The 2023 hurricane season is quickly approaching its June 1st start date. While the National Oceanic and Atmospheric Administration (NOAA) Storm Prediction Center’s Tropical Storm Outlook is due next month, several University researchers have already released their forecasts.

Universities Agree: 2023 Will Be an Average Tropical Storm Year

Colorado State University’s Tropical Weather and Climate Research division and North Carolina State’s Hurricane Center both released their 2023 hurricane forecasts this month. One of the most interesting comparisons of the reports is how much they agree:

This rings particularly true because 2023 is an especially difficult year to predict due to the following conflicting factors:

  • The El Niño Southern Oscillation is mid transition from a La Niña pattern and could switch to an El Niño pattern mid-season, which tends to decrease the number of storms in the Atlantic.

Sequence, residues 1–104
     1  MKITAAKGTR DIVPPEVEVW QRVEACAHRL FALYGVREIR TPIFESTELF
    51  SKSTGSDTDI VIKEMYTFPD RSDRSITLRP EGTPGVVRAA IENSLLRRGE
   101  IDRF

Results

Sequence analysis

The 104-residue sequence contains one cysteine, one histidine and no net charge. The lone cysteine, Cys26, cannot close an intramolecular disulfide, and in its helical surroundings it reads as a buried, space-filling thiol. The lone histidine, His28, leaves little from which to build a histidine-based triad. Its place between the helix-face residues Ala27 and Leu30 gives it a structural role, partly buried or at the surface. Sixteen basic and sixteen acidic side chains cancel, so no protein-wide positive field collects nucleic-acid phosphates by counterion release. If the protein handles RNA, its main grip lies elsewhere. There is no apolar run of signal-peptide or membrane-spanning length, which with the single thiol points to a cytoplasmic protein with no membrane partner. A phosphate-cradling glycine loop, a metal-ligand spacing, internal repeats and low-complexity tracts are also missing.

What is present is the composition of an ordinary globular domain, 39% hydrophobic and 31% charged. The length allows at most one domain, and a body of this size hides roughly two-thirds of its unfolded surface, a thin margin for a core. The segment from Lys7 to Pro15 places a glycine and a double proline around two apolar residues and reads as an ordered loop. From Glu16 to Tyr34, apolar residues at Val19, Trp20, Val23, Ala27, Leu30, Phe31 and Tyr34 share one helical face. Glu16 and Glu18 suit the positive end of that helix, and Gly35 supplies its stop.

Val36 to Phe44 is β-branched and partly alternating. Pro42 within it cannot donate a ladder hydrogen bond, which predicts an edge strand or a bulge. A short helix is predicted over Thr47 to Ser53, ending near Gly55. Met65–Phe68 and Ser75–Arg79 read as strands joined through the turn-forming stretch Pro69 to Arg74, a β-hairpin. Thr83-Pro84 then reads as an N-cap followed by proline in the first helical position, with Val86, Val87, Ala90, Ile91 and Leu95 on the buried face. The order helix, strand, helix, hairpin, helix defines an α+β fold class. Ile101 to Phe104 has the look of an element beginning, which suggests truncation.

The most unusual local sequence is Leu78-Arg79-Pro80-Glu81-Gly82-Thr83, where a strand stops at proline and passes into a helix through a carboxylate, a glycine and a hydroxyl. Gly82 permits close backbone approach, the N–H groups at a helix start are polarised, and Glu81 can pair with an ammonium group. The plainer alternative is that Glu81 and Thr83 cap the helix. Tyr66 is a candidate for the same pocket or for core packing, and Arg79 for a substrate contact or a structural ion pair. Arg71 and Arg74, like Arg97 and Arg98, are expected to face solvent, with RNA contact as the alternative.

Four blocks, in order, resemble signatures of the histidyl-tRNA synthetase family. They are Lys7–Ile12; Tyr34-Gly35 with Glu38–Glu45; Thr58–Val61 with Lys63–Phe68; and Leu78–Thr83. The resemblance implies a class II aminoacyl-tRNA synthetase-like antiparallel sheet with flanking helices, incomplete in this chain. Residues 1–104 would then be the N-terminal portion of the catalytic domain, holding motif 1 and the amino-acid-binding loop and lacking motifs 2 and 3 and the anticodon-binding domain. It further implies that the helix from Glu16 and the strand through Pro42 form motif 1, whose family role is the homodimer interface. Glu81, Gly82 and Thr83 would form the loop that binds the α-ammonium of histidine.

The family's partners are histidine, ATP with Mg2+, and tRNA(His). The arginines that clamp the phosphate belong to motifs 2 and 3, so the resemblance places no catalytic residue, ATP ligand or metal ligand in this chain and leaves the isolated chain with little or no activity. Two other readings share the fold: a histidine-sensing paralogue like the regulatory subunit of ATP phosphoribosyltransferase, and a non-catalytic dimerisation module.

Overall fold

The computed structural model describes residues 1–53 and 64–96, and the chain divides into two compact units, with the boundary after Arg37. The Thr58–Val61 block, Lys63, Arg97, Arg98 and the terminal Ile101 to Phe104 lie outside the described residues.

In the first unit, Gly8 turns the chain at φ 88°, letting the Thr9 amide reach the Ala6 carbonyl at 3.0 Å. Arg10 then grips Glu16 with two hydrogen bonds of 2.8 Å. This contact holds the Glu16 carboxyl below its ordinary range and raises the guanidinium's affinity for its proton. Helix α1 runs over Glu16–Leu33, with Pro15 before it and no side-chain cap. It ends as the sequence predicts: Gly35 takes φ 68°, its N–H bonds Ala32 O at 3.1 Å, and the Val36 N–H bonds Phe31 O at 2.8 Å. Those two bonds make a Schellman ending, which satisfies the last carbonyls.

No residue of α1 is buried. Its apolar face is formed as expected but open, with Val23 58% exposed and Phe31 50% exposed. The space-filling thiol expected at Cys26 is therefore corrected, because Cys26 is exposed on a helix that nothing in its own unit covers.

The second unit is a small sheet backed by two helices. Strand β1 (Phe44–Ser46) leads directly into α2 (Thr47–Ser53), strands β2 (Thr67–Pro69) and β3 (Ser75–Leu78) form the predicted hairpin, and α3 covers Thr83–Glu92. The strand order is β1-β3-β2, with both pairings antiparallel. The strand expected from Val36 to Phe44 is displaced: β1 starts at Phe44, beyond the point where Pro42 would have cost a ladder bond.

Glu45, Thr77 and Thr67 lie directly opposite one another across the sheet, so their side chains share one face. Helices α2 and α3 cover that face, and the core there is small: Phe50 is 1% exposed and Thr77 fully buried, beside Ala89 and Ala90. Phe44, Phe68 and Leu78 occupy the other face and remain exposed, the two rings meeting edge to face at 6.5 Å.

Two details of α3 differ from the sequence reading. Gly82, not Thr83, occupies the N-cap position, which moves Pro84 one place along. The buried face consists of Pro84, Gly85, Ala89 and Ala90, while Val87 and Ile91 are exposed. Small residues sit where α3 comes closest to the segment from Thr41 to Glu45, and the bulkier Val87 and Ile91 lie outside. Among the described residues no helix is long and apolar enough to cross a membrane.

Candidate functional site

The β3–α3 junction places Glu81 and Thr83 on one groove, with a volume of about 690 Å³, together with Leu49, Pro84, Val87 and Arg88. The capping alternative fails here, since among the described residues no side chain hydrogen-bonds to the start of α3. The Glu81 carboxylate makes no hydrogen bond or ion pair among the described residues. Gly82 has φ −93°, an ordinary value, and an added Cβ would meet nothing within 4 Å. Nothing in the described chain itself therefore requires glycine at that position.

• Atlantic Ocean Water is already very warm for this time of year, which usually increases the number of storms.

If the El Niño fails to form or is weak, then the warm Atlantic Ocean temperatures could lead to a higher than average Hurricane year. However, if the El Niño does form, it will likely cause an increase in atmospheric wind shear and lead to an average or lower than average year.

NOAA Updated El Niño Prediction

Over the past two months, La Niña conditions have faded away and were replaced by a Neutral ENSO period. Now, NOAA  predicts that will likely be replaced by El Niño conditions in late April or May. Subsurface water is becoming warmer in the tropical Pacific after months of colder than normal temperatures, which is a sign of the transition.

NOAA: Subsurface Pacific Ocean Temperatures

As we get closer to the peak of the season, researchers will continue to update the models and work to reduce the level of uncertainty. In the meantime, check out our blogs on the 2023 Wildfire and Tornado Outlooks.


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